How to Write A Strong Agenda
Have you found yourself stuck in unproductive meetings, watching the time go by, thinking about all of the work that needs to be done? We get it; we’ve all been there. Whether your meeting is to debrief, brainstorm, strategize, onboard, etc., your meeting should always have a purpose.
So let’s make 2021 the year of productivity, shall we?
Why do I need an agenda? I feel confident that I can wing it and still have a great meeting.
That’s so great that you’re feeling confident and ready to take on your meeting, but others may not be in the same headspace. Think about a time where you wish you could have contributed an idea but didn’t have any time to prepare appropriately. This is where an agenda comes in.
Agendas are a great tool to give your attendees time to prepare, set clear objectives and expectations, clarify responsibilities, and support time management. Furthermore, time management supports a productive day, saves your business time and money, and is a great way to show respect and honor your coworkers’ time.
Picture this: efficient meetings that are filled with creativity, innovative ideas, and group participation. It sounds like a dream, doesn’t it? Luckily, we have the tools to make this dream a reality!
How to Write a Strong Agenda
The three essential parts of a strong agenda are topic, preparation, and structure. This format aims to offer suggestions for the best ways to prepare and give a concrete outline to efficiently streamline your time together.
With any structure or system, the key to success is consistency. Get in the routine of sharing your agenda at least three days in advance to allow attendees to prepare. Not sure where to begin? Start with the basics! Include when the meeting occurs, the duration, who will be attending (include only the essential people), and where it will take place - whether it is an in-person location or a link to a remote meeting.
Here’s a detailed example to help give you a format to follow.
This Thursday at 2 pm, we will have a meeting to check how everyone is doing with their hybrid teams, and brainstorm solutions to challenges leaders are currently experiencing. I’ve included people leaders from different departments to create a space for innovative and creative thinking. Please see the agenda below for the breakdown of our time and ways to best prepare.
Preparation: Think of a proud moment that you experienced with your team in the past few months and a current challenge that you’re facing.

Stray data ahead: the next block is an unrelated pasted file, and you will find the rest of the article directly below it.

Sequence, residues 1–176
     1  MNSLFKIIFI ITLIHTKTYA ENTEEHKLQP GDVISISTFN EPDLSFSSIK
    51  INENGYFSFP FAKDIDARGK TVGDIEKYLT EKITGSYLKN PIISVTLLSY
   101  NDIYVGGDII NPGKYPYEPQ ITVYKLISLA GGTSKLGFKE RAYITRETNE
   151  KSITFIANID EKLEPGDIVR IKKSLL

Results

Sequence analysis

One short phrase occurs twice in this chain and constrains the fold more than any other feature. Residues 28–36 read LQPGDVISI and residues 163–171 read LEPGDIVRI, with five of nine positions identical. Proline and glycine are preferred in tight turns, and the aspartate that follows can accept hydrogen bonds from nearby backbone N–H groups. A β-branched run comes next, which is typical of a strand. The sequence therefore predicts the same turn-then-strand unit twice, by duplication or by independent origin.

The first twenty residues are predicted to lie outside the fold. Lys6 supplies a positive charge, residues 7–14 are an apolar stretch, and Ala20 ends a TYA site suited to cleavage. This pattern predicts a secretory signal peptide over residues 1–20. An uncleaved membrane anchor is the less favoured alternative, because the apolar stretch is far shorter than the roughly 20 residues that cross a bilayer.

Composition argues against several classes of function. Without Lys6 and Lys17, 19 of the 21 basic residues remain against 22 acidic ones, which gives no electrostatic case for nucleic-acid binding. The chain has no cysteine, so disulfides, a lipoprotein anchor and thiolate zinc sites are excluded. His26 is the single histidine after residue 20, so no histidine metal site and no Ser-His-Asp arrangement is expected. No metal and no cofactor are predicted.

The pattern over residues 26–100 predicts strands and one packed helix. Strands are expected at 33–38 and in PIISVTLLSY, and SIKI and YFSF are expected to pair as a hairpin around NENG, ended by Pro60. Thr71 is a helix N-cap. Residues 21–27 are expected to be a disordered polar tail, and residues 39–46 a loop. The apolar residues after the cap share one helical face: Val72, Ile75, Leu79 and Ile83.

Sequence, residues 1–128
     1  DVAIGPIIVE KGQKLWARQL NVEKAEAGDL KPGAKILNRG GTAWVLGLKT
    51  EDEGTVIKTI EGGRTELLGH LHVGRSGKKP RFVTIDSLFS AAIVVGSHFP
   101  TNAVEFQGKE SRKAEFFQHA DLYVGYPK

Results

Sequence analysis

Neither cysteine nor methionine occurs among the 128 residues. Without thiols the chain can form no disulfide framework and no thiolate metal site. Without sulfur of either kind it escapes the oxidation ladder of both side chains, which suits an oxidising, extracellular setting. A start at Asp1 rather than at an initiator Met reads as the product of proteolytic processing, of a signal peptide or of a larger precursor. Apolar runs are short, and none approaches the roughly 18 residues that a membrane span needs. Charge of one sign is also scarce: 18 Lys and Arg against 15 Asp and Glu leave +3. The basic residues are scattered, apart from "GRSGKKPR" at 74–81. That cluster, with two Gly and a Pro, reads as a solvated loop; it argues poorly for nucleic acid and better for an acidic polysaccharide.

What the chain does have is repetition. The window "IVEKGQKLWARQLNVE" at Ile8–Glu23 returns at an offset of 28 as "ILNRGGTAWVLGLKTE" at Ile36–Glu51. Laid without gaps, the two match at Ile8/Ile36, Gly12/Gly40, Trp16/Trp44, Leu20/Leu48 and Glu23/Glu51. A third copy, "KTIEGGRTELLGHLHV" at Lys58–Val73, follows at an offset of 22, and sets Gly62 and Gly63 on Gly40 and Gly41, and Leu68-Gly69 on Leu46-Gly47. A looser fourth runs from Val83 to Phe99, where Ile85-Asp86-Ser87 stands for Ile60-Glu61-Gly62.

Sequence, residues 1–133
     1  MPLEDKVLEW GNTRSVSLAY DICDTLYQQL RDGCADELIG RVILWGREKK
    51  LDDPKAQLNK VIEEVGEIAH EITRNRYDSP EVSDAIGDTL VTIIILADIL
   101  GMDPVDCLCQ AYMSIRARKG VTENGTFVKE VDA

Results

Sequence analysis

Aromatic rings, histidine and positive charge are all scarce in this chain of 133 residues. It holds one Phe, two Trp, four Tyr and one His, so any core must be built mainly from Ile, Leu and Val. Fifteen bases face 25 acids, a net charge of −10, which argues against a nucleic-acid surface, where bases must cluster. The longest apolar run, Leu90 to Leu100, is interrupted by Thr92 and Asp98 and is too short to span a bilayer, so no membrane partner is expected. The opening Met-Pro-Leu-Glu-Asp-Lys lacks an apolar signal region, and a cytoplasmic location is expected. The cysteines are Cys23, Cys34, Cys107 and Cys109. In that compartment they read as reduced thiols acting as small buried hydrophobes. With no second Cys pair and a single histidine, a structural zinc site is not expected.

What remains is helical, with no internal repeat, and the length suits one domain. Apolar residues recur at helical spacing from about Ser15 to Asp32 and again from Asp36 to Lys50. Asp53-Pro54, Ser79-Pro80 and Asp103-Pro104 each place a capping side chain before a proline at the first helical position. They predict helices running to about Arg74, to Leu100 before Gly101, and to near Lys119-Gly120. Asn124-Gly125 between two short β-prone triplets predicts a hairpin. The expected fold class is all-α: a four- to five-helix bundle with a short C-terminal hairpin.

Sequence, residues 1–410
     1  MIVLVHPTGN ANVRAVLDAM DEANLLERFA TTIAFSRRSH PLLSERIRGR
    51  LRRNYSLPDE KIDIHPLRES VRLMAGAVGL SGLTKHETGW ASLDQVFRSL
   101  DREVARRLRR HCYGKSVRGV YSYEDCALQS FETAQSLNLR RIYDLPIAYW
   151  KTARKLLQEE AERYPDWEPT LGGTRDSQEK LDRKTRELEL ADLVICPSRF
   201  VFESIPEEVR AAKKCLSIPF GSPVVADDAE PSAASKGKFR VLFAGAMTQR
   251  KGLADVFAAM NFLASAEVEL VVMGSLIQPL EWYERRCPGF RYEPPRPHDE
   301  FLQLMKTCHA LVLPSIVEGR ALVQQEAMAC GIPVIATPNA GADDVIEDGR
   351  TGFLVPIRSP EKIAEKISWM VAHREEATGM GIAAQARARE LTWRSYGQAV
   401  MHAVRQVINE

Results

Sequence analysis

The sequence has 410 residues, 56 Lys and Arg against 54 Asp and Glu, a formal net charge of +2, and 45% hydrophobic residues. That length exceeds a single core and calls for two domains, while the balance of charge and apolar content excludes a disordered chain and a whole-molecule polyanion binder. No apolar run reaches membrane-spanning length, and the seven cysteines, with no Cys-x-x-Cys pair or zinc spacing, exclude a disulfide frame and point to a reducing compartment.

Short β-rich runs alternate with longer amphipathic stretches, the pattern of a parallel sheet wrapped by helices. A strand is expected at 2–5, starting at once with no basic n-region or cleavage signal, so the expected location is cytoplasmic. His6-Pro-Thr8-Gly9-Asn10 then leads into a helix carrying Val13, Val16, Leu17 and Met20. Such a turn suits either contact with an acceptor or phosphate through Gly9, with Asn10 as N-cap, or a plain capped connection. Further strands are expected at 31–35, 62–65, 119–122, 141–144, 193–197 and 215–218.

Structure: Go around and share your name, department, proud moment, and current challenge
Time: 10 minutes
Review + Identify
Preparation: Actively listen and take notes on commonalities that you’re hearing
Structure: Review the key issues and work together to find the root cause
Time: 10 minutes
Strategize + Action Items
Preparation: Why do you think this is happening? What advice would you give to yourself?
Structure: Propose possible solutions, create clear actions items, and determine a time to schedule a meeting again to check in on progress.
Time: 10 minutes
Structure: Highlight all of the proud moments that everyone mentioned, and summarize the solutions to ensure that everyone is on the same page and there is no miscommunication.
Time: 5 minutes
If anyone has any questions or concerns, please feel free to reach out; I’m happy to answer them. Thank you all for your time and for bringing your creative minds to the table; I’m looking forward to seeing the solutions we can create together!
Looking at the template in full, you can see that the preparation, action items, and time allowances are identified and clearly outlined. If you are worried about sticking to those time frames, ask for a volunteer to help watch the time. When 2 minutes are remaining and when it’s time to move on, have them wave their hands or audibly notify the team. Feeling uncertain about what details to include? Put yourself in the recipients’ shoes and think about what you’d like to know to feel fully present and ready to dive in.
This structure might feel formal at first, but not only is it best to fully communicate your expectations ahead of time, but it’s one of the things that makes great leaders stand out. Cheers to you and your productive meetings!